At the same time, Peggy Guggenheim also commissioned a painting for the entry hall of her New York apartment. The resulting work was Mural (1943), which would prove important in Pollock's transition from a style shaped by murals, Native American art and European modernism towards his mature drip technique. And it was Guggenheim who again helped Pollock when he needed a down-payment to secure an old farmhouse in the town of The Springs on Long Island. He and Krasner bought the farmhouse in the fall of 1945 and married in October. Krasner hoped that distance from the struggles and temptations of the city would offer a great opportunity for both of them to pursue their painting in seclusion and peace.
Exactly how Pollock came upon his drip technique has been a matter of long and inconclusive scholarly argument, but his work was already taking steps towards it in the mid-1940s. He began to lose the symbolic imagery of his earlier pictures and looked for more abstract means of expression. His experience of painting Mural for Guggenheim's apartment was also important in spurring him on, and in 1945 he painted There Were Seven in Eight, a picture in which recognizable imagery was thoroughly suppressed and the surface was knitted together by a vivid tangle of lines. In the following years his style became more boldly abstract still, and he produced works like Shimmering Substance (1946). The following year he finally hit on the idea of flinging and pouring paint, and thus found the means to create the light, airy and apparently endless webs of color that he was reaching towards. Masterpieces such as Full Fathom Five (1947) were the result. Pollock had carried out another stylistic somersault and arrived at a method that synthesized Impressionism, Surrealism and Cubism.
Shimmering Substance led on to works like Number 1A (1948), a larger canvas than Pollock was familiar with, and dense with a dazzling web of color. He found he was best able to approach works such as this by positioning the canvas flat on the floor, moving around it and applying the paint from all sides. By dipping a small stick, house brush or trowel into the paint and then rapidly moving his wrist, arm and body, he allowed it to drip and fall in weaving rhythms over the surface. The technique - the epitome of what critic Harold Rosenberg would call Action Painting - rarely permitted the brush to directly touch the canvas. "On the floor I am more at ease," he said. "I feel nearer, more a part of the painting, since this way I can walk around it, work from the four sides and literally be in the painting." Pollock's work thus became as much about process as they were about product. They became a record of the performance of painting - his play in and around the canvas, where he could enter them as a participant and hover above them as their creator. "There is no accident," Pollock once said, "just as there is no beginning or end.. Sometimes I lose a painting, but I have no fear of changes, of destroying the image, because a painting has a life of its own."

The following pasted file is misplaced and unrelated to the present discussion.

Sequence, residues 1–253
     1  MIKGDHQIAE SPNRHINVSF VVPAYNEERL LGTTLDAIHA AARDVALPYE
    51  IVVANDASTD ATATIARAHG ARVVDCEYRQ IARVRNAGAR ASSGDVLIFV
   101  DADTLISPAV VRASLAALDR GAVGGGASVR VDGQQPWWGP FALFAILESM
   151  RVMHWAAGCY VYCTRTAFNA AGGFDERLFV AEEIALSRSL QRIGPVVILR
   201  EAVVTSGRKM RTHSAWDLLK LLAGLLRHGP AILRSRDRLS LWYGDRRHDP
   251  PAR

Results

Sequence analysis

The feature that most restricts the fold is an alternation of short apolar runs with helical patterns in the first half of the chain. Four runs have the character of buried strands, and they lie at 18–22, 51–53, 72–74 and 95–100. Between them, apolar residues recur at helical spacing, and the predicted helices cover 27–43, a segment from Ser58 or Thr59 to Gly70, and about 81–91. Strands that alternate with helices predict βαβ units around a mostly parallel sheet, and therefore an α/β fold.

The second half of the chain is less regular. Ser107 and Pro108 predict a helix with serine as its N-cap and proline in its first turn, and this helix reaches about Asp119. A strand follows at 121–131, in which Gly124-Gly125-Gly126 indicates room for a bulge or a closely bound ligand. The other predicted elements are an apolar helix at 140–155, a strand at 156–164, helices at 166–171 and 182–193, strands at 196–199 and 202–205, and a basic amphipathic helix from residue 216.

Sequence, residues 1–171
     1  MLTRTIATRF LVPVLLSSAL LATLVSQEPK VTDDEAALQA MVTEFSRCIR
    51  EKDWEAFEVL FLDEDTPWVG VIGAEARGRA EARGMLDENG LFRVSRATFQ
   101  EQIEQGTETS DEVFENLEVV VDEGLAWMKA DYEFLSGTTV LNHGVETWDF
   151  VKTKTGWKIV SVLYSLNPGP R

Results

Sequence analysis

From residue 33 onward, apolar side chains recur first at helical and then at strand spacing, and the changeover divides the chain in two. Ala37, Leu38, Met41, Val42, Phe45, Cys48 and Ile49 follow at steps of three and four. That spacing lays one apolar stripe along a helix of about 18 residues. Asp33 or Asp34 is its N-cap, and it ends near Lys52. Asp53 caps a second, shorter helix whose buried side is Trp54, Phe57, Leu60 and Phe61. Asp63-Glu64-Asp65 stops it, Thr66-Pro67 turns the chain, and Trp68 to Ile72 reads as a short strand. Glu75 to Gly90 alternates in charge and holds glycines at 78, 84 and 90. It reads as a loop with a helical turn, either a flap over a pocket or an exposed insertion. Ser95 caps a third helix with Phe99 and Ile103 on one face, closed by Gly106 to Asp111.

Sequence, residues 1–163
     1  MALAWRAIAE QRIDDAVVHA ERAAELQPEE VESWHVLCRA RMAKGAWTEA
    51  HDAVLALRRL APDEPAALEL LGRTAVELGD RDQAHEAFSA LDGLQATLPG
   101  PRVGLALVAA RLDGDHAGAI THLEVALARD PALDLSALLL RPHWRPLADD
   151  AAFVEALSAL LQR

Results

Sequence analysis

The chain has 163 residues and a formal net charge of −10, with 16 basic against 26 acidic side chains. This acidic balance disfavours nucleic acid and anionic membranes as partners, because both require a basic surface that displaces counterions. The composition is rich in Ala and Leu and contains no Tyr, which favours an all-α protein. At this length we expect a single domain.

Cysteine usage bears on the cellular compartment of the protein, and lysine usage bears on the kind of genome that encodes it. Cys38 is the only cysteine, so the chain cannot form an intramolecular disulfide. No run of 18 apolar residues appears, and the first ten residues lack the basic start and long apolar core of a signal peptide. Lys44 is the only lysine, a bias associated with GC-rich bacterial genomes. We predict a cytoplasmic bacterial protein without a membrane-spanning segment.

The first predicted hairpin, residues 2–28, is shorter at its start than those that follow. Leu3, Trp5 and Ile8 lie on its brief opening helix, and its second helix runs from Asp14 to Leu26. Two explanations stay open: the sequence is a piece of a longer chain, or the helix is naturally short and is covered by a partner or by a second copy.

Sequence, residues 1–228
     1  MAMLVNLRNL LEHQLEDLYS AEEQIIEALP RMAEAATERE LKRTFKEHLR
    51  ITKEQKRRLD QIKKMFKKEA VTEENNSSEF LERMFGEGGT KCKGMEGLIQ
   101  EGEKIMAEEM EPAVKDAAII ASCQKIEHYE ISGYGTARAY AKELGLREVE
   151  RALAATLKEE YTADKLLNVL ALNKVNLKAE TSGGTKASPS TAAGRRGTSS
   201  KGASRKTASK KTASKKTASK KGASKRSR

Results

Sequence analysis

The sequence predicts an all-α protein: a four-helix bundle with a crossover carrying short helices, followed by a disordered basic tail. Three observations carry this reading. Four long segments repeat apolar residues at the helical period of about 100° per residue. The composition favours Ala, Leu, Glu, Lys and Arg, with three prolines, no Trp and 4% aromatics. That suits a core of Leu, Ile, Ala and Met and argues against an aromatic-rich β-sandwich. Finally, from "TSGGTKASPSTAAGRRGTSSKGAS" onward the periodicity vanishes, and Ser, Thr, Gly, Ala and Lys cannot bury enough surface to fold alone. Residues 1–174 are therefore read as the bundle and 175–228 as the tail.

Critics were quick to recognize the power of Pollock mature work. Greenberg, who would be his staunchest and most powerful supporter, wrote at the time, "[His] superiority to his contemporaries in this country lies in his ability to create genuinely violent and extravagant art without losing stylistic control." But when Pollock's pictures reached a wider public, through coverage in magazines such as Vogue and Life, the response was a mixture of shock and incredulity. Nor was he widely collected at first, having only a small circle of supporters. Commercial success would soon come, but even at its height - after Art of This Century Gallery had closed and gallery owner Betty Parsons had taken over Pollock's contract - the painter was still being treated for alcoholism.
Pollock supposedly stayed dry from mid-1948 to late 1950, and during these years he lived primarily in Long Island, only occasionally coming into the city. In 1950, he had a successful solo exhibition, and, along with Arshile Gorky and Willem de Kooning, was selected by MoMA director Alfred H. Barr, Jr., for the Venice Biennale. But a year later he was drinking again.